All of us experience change in our personal and working lives, but we don't all perceive change in the same way. Some of us perceive change pessimistically, as a permanent state. Others perceive change more optimistically, as a temporary state. We know that most change events do not last forever; however, we often view change in a way that reflects permanence. If we say to ourselves "this will never work" or "we will never recover from this reorganization" we are viewing the change pessimistically, as a permanent, negative fixture in our lives. Over time, permanence can impact our desire/ability to make positive choices throughout the transition process. It is fine and even natural to think about change negatively, but the key to a successful transition is to see the negatives as temporary. The more temporary our negative thinking, the more quickly we will acclimate to the change.


Some of us are able to put change in perspective, while others allow the change to spill over into everything. Pervasiveness determines how many areas of our life will be affected when we experience setbacks, such as workplace change. When we perceive change pessimistically we see the setback as far-reaching; that everything in our lives will suffer because of it. On the other hand, when we perceive change optimistically we see the setback as impacting one specific area of our life. The less pervasive we are able to view change the more apt we are to view the change as a "bump in the road" rather than "a road full of bumps."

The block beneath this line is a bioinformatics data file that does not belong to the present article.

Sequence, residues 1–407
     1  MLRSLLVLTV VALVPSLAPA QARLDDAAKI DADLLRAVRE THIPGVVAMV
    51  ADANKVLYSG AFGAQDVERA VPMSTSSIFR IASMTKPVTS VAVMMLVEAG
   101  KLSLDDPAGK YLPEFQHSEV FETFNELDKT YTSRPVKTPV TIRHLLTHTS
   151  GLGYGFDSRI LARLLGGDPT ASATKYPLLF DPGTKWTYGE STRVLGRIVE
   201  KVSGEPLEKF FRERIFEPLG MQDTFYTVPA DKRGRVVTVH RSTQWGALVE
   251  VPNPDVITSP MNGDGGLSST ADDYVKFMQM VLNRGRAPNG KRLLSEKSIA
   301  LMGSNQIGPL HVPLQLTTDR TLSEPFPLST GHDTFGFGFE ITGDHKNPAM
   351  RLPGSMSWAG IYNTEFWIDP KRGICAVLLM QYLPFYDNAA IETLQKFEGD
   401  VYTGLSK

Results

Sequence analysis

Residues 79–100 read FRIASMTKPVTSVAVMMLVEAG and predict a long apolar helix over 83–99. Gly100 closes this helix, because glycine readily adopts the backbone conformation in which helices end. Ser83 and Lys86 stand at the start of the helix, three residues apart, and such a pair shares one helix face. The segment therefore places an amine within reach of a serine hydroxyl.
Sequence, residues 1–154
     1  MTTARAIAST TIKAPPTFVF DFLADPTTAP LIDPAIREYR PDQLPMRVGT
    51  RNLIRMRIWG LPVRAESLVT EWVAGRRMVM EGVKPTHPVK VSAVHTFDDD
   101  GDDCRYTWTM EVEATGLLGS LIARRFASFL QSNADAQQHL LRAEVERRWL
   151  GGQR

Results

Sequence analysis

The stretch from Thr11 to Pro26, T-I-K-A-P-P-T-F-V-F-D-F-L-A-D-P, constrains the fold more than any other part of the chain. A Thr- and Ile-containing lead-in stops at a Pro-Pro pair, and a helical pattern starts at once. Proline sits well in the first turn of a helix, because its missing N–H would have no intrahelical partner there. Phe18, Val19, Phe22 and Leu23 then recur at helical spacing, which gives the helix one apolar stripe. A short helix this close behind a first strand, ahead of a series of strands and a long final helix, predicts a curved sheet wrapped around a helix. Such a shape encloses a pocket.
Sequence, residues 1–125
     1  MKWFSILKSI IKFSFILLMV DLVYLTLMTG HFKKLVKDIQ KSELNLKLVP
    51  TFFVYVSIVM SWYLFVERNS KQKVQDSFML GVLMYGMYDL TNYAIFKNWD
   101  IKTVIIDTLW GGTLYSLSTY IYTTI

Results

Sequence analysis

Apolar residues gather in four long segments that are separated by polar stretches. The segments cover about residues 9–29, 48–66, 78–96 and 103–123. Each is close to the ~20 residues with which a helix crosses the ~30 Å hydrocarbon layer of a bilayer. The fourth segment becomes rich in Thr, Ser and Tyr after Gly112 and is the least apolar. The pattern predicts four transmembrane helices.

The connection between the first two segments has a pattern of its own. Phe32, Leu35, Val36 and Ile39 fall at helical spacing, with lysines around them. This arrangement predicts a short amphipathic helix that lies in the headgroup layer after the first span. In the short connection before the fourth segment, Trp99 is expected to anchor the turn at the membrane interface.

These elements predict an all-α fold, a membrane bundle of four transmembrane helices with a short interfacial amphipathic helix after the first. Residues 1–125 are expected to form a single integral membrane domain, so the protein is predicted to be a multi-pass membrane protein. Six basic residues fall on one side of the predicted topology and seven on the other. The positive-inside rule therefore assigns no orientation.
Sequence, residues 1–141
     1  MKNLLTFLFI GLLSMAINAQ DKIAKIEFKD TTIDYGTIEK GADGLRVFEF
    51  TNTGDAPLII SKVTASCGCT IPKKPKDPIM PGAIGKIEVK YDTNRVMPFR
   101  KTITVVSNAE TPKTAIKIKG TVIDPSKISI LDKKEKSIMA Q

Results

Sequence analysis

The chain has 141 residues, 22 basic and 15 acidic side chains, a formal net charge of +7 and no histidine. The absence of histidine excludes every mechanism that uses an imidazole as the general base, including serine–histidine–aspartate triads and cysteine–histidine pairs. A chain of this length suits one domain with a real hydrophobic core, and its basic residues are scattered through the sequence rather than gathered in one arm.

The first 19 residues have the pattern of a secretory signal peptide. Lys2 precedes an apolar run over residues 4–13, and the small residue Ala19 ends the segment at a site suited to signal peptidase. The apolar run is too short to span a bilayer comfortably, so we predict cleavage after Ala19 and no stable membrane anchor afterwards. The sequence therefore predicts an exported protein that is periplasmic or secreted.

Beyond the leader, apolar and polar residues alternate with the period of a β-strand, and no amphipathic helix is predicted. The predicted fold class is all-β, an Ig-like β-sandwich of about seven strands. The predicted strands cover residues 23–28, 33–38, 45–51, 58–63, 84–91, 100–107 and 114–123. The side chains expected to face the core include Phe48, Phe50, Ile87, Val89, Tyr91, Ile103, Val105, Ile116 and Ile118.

VITAL WorkLife Change ManagementStage 3—New Beginning: Your Transition Process – Your Choices

As we've been discussing, the distinction between change and transition is a subtle, but very useful one. Change is the event itself. It's the cancellation of a project, a merger, a name change, a new computer system, re-organization, the departure of a key manager/leader.

Transition is the process of managing our personal response to the change event. Stage Three is the new beginning stage where the transition process offers us many choices – what to think, what to say, what to do. In managing a transition, your manager/leader can help – but only to a point. Ultimately, successful transition comes down to the individual employee. We are each responsible for moving our own thinking and behavior from emotional reactions to productive responses. Transition is really about taking personal responsibility for our behaviors and attitudes towards the change event. It can be helpful for individuals and groups going through a transition, to develop strategies, recommendations, and/or action steps (including communication) that would assist in the transition process for the current workplace change.

Think about what would be helpful at each of the three stages (i.e., ending, neutral zone, and beginning) to help everyone move through each stage more effectively. Think about things like resources that would be helpful, outside people or stakeholders that should be involved, what kinds of communication would aid in the process, how many meetings are needed, etc. Be as specific as possible when planning before the change and during the transition process, so you and others, have a road map to follow. Along that road, each individual gets to make decisions about how they react to the change, how they compromise and function within the new parameters of the change, and ultimately if they are going to be on board.

Remember, each person will experience the same change event in his or her own way. There are no good or bad emotions with change. You feel the way you feel. It's very difficult to control your initial emotions around change; however, you can control the choices you make as you transition from the old way to the new way.

We Can Help 

For more information about our Employee Assistance Program, contact us online or at 800.383.1908. We can offer a variety of consulting or training solutions to support your organization with change management and organizational culture.